- The 2021 MTV Video Music Awards nominations were announced Wednesday.
- Olivia Rodrigo, BTS, and Beyoncé all received nods, but deserved more in major categories.
- Stunning visuals by Phoebe Bridgers, SZA, and Tyler, the Creator were shut out completely.
- Visit Insider’s homepage for more stories.
But while Rodrigo wasn’t exactly snubbed, I maintain that she deserves to compete for all three major awards.
Video of the year is arguably the biggest honor of the ceremony, so 2021’s biggest breakout star should be represented — especially since she released one of the buzziest, delightfully brattiest videos in recent memory.
Rodrigo’s “Good 4 U” visuals were inspired by “cult horror movies and feminine rage,” she said, like “Jennifer’s Body” and “Audition.” The breakup saga casts Rodrigo as a demonic cheerleader, pouting in the grocery store and setting her ex’s room on fire. It perfectly compliments the energy of the song, a chart-topping hit that even threatens to eclipse the success of “Drivers License.”
You can read Insider’s complete breakdown of the music video here.
The eligibility window for this year’s VMAs is June 20, 2020 to June 30, 2021. Within that interval, BTS became the first all-South Korean group to top the Billboard Hot 100 — and they did it three more times. Oh, and then they did it again in July.
Their domination didn’t stop there. After “Dynamite” was nominated for a Grammy Award, “Butter” became the most-viewed music video on YouTube and the most-streamed song on Spotify in its first 24 hours.
The song has continued to top charts since its release in May, securing its crown for song of the summer.
With those numbers, anyone would be considered a shoo-in for artist of the year — never mind the septet’s status as the most beloved boy band in the world. BTS did manage to secure a nod for song of the year, unlike last year’s gross oversight, but they should obviously be competing in all three major categories.
The film may not have met the requirements for VMAs consideration, but Beyoncé released two clips on YouTube within the eligibility window: “Already” and “Brown Skin Girl.” These were ranked No. 1 and No. 2 on Insider’s list of the year’s best music videos.
Both received scraps of love from MTV this year, but none in major categories. “Already” was nominated for best art direction, while “Brown Skin Girl” was nominated for best R&B and best choreography.
This feels plainly inadequate for Beyoncé, who’s on another level when it comes to translating her music into a visual feast. Of course, both “Already” and “Brown Skin Girl” are better consumed within the greater framework of “Black Is King.” But evenclipped out of context, these videos are more evocative, deliberately detailed, and painstakingly styled than anything else on the nominations list.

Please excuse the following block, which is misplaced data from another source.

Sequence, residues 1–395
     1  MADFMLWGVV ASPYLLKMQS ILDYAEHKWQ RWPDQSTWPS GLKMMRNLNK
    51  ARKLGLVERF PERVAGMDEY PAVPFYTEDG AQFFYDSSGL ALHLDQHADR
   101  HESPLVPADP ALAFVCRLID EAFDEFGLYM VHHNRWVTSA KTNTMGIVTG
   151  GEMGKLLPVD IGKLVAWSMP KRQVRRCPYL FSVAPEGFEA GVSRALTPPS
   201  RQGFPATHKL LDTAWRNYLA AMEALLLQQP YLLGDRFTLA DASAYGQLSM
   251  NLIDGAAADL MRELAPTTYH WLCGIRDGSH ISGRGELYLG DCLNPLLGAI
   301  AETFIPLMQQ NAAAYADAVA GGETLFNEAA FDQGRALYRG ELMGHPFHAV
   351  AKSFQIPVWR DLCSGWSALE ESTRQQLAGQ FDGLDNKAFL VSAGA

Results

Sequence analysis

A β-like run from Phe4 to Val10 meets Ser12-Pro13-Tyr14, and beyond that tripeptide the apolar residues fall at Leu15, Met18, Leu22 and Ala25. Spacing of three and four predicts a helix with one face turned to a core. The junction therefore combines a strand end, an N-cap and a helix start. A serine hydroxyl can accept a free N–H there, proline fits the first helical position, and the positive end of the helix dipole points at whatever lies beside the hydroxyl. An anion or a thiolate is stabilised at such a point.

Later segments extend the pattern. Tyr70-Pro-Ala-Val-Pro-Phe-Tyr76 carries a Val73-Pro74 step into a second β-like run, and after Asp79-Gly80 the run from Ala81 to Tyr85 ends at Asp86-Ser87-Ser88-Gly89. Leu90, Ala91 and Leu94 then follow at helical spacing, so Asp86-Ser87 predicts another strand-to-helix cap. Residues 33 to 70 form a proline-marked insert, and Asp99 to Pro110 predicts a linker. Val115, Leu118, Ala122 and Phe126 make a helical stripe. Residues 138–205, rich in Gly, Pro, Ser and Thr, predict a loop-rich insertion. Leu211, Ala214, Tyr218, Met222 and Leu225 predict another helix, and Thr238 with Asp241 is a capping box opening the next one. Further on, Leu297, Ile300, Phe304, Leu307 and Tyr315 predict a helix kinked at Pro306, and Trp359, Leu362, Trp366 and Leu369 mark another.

But “Solar Power” is much more than a pretty jaunt on the beach. It’s one of the best songs of the year, with a video that makes its revelry feel even richer, which is precisely the kind of art the VMAs should seek to reward.
Lorde has cited a variety of influences for the utopian scene — Ari Aster’s folk-horror “Midsommar,” ’60s Coca-Cola commercials, the 1978 romance “Days of Heaven,” among others — which casts her as a sort of cult leader guiding us to better days.
The bold reference material, on top of the sheer joy the song produces, would’ve made “Solar Power” the perfect contender for best pop.
Tyler released several chapters of his newest story in June, just before the VMAs eligibility cutoff, but only the first received any recognition: “Lumberjack,” directed by Wolf Haley, was nominated for best direction.
“SZA’s song slyly captures the varying stages of tainted love,” Shannon J. Effinger wrote for Pitchfork. “Her artful video direction brings out the inherent duality of the message: At one turn, SZA comes across as emboldened by her sexuality, and juxtaposed shots of a barn and a junkyard suggest beauty, strength, and resilience.”
“But soon, flashes of a blood-drenched SZA warn onlookers — and perhaps even herself — to proceed with caution in this bad romance.”
Although SZA’s more recent single “Good Days” was nominated for best R&B, neglecting to nominate “Hit Different” for best direction, or any visual categories at all, was a missed opportunity.
While lead single “Do It” did receive a nomination for best R&B last year, Chloe x Halle came up empty-handed this time.
Technically, “I Know the End” would’ve been eligible too, but “Savior Complex” is Bridgers’ most cinematic video to date; the singer herself called it “very David Lynchian,” evoking the cryptic director of “Twin Peaks” and “Blue Velvet.”
Indeed, the black-and-white visual was directed by “Fleabag” creator Phoebe Waller-Bridge and stars “Normal People” heartthrob Paul Mescal. Even if Bridgers hasn’t quite reached the fame threshold of a typical VMAs nominee, “Savior Complex” has all the makings of a pop-culture moment.
And yet, instead of handing Sullivan a much-deserved nod for best R&B, MTV managed to make space in the category for Chris Brown — twice.